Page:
After failed talks with 116-bed Kenosha (Wis.) Hospital and Medical Center about a possible alliance, Milwaukee-based Aurora Health Care is trying to bring its own inpatient beds to the two-hospital town of Kenosha.
Aurora wants to add 98,000 square feet to an outpatient center it owns in Kenosha to house 44 inpatient beds, an emergency room, and pharmacy and other diagnostic services. It will apply to the state to license the new beds at Aurora Health Center.
Before the state can approve the new beds, it must review building plans for the new facility. An initial review of Aurora's plans is under way, and word on final approval should come this summer, said Rita Prigioni, deputy director for the Bureau of Quality Assurance in the state Department of Health and Family Services.
She said about 1,000 beds are left before the state hits its cap of about 22,500 beds.
While Aurora waits for final approval, Prigioni said some initial construction work can begin, such as breaking ground.
Aurora said groundbreaking on the new $17.9 million facility is slated for next month. It hopes to open the facility in early 1999 and plans to hire as many as 200 employees to staff its new inpatient services.
The health system said it is expanding, in part, in case managed-care contracts it has with Kenosha's only two hospitals aren't renewed when they expire at year-end.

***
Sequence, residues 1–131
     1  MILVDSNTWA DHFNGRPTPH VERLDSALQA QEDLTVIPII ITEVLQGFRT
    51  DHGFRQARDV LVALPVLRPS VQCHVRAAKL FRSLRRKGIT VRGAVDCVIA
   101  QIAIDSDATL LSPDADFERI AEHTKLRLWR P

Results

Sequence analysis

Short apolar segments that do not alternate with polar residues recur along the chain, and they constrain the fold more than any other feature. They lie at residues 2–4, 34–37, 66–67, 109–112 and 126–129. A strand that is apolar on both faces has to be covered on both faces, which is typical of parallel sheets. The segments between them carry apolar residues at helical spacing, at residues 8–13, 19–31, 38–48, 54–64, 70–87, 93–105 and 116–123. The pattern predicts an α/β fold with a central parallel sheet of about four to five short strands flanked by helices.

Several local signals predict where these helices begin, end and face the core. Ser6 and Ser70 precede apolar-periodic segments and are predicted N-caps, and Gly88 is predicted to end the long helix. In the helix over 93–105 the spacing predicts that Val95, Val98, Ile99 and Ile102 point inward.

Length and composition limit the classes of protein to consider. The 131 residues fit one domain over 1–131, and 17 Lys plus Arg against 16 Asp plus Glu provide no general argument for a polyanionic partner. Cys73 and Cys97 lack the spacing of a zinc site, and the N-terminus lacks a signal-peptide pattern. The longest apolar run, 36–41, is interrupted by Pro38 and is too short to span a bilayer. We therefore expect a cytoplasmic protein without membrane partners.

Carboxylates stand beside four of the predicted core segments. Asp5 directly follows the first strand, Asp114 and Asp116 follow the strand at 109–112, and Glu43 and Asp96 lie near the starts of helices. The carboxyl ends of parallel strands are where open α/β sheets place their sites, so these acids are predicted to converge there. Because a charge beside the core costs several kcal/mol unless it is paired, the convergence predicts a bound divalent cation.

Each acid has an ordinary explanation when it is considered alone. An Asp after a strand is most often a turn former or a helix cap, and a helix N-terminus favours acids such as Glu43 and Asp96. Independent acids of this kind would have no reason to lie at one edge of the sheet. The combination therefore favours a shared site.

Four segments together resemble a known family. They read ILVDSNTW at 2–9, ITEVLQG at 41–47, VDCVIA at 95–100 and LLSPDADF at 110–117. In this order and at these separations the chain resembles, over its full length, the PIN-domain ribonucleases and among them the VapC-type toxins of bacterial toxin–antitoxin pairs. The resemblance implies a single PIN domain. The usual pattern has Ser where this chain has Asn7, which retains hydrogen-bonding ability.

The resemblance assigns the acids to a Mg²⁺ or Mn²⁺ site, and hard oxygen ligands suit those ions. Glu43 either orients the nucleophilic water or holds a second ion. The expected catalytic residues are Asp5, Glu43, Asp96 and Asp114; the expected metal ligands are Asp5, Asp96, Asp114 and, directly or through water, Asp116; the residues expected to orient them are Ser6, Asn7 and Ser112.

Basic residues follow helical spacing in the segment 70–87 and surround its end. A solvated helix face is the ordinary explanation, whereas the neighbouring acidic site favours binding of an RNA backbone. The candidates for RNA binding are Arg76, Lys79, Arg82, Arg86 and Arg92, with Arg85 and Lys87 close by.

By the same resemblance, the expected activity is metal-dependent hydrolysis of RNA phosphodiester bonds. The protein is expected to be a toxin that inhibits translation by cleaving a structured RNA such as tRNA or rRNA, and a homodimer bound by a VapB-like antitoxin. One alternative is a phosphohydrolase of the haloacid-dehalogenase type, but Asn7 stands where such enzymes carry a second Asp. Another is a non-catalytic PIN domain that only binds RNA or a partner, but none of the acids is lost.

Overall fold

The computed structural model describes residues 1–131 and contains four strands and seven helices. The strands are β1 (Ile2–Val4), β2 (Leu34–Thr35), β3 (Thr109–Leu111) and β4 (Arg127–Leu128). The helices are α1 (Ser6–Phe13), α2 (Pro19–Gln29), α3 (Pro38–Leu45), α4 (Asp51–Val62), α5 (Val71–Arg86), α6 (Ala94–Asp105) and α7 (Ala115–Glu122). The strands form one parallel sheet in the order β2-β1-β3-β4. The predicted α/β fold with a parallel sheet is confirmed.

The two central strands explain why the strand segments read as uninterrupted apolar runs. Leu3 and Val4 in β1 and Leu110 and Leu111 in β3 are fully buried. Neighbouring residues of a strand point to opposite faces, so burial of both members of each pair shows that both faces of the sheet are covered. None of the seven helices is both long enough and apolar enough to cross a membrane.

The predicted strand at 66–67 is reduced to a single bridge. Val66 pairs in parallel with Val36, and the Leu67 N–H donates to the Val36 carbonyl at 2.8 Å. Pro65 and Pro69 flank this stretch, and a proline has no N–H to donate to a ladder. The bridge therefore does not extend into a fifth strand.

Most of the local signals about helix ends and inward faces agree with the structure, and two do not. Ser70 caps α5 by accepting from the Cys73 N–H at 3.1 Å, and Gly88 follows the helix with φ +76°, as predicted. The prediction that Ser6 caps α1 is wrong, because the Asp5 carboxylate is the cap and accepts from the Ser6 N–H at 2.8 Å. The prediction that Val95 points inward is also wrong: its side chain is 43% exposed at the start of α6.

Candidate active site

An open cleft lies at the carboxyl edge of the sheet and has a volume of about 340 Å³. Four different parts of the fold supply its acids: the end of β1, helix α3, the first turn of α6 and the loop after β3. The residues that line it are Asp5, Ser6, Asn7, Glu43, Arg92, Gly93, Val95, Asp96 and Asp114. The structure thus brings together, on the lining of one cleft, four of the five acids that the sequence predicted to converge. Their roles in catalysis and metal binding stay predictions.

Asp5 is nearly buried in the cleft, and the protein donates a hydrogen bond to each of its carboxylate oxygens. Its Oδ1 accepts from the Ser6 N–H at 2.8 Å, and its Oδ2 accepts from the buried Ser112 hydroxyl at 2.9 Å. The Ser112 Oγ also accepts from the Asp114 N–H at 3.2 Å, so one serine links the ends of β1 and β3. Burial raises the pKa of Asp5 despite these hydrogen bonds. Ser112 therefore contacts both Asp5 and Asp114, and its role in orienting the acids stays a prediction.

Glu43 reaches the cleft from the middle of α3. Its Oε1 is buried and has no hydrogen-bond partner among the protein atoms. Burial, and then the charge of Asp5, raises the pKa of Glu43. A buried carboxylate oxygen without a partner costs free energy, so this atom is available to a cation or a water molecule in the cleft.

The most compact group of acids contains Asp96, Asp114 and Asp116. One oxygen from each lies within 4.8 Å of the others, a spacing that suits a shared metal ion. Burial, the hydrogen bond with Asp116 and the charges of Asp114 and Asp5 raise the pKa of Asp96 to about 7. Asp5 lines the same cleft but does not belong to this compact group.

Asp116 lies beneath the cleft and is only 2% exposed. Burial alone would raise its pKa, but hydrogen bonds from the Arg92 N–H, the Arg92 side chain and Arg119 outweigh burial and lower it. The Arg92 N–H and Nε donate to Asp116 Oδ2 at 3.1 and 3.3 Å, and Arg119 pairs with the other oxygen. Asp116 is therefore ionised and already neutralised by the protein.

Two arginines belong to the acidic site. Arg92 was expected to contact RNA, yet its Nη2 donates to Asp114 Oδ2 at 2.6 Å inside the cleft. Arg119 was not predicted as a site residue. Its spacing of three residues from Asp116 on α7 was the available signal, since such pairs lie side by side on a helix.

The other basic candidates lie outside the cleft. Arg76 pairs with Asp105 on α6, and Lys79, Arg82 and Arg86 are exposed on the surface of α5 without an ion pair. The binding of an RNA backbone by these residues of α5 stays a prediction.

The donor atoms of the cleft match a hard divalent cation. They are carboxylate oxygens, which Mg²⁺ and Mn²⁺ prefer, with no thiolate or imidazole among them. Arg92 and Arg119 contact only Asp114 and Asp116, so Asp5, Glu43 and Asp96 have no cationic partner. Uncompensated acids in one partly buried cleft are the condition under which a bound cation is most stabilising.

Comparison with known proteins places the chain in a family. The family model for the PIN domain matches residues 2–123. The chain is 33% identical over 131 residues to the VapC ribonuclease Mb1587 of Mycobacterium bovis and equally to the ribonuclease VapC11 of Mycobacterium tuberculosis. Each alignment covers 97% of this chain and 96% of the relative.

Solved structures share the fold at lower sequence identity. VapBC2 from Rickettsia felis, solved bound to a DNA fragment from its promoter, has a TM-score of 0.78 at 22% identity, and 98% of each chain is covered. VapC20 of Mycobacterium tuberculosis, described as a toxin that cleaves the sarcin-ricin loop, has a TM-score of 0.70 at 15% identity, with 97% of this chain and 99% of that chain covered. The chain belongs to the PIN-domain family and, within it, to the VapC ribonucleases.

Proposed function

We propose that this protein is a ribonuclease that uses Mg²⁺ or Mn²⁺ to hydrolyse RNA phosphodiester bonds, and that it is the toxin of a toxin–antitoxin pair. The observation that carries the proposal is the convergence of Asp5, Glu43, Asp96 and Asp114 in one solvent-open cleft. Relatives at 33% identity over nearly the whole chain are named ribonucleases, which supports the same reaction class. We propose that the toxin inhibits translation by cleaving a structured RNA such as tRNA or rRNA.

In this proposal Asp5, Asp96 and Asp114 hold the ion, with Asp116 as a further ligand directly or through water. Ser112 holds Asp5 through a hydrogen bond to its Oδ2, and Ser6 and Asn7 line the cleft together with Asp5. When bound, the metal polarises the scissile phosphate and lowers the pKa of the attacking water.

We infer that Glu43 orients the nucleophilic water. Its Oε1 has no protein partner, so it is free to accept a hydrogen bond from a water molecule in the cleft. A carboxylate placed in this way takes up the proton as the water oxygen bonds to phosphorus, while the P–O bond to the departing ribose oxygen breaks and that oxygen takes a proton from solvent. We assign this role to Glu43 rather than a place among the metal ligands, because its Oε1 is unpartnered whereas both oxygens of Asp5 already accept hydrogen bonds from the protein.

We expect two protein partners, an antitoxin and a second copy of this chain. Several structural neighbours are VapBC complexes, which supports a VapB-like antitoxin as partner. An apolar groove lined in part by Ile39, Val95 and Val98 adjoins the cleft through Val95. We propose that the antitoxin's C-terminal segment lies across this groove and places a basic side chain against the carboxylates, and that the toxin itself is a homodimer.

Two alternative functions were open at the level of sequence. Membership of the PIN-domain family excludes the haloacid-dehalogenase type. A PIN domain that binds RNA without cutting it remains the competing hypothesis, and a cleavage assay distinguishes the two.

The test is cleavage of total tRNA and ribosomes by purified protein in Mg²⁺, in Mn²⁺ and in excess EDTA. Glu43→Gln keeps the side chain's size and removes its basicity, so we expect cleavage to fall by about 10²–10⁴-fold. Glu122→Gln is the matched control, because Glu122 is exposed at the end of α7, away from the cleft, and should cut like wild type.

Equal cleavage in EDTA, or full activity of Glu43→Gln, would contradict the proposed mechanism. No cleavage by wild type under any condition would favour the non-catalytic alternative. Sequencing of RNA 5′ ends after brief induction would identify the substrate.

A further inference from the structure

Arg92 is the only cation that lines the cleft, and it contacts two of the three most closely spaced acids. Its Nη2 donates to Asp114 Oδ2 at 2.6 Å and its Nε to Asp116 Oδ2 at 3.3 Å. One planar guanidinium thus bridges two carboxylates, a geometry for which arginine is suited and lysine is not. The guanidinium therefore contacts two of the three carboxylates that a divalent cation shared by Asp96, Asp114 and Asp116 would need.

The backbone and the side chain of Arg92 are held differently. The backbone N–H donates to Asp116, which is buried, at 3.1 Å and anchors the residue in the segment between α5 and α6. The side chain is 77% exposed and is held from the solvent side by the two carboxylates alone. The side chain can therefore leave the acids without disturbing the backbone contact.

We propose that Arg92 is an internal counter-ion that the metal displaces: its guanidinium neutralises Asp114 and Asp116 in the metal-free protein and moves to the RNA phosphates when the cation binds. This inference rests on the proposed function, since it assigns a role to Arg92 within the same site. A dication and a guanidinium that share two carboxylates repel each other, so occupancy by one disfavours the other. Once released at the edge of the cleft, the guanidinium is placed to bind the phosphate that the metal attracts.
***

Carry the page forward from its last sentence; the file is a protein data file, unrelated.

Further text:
Aurora is in partnership with an HMO and local Kenosha employers to provide managed-care services. It has contracts with Kenosha Hospital and 148-bed St. Catherine's Hospital to provide some of that care, said Diane De La Santos, Aurora's vice president of public affairs.
"The competitive forces in the community are such that it might not be in the interest of the providers to contract with us," De La Santos said.
She also said that adding the inpatient beds in the rapidly growing area is a good business opportunity for Aurora, which owns 11 hospitals in Wisconsin.
But Robert Lovell, president and chief executive officer of St. Catherine's, wonders what effect Aurora's inpatient beds will have on local healthcare costs.
Competition can drive down prices, but it also can create higher costs by creating excess capacity in the market.
As for St. Catherine's managed-care contract with Aurora, he said he expects it to be renewed. "We've had a long-standing relationship with Aurora," Lovell said.
Aurora said it believes adding beds in Kenosha will drive down costs, as well as offer residents more choice.
Hospital spokeswoman Tami Rakow said she couldn't comment on Kenosha's managed-care contract with Aurora. "We wish Aurora the best in its new business endeavor," Rakow said. "We appreciate Aurora's presence in the community and look forward to an amiable relationship as we continue to provide high-quality healthcare to the residents of southeastern Wisconsin."
Late last year a letter of intent Kenosha Hospital signed with Aurora expired without the two putting together an alliance. Kenosha Hospital entered talks with
Aurora after the collapse of plans for a mergerlike partnership with St. Catherine's.
When the deal with Kenosha Hospital broke down, St. Catherine's, which had been sponsored by Denver-based Catholic Health Initiatives, was sold to Wheaton (Ill.) Franciscan Services (Oct. 6, 1997, p. 80).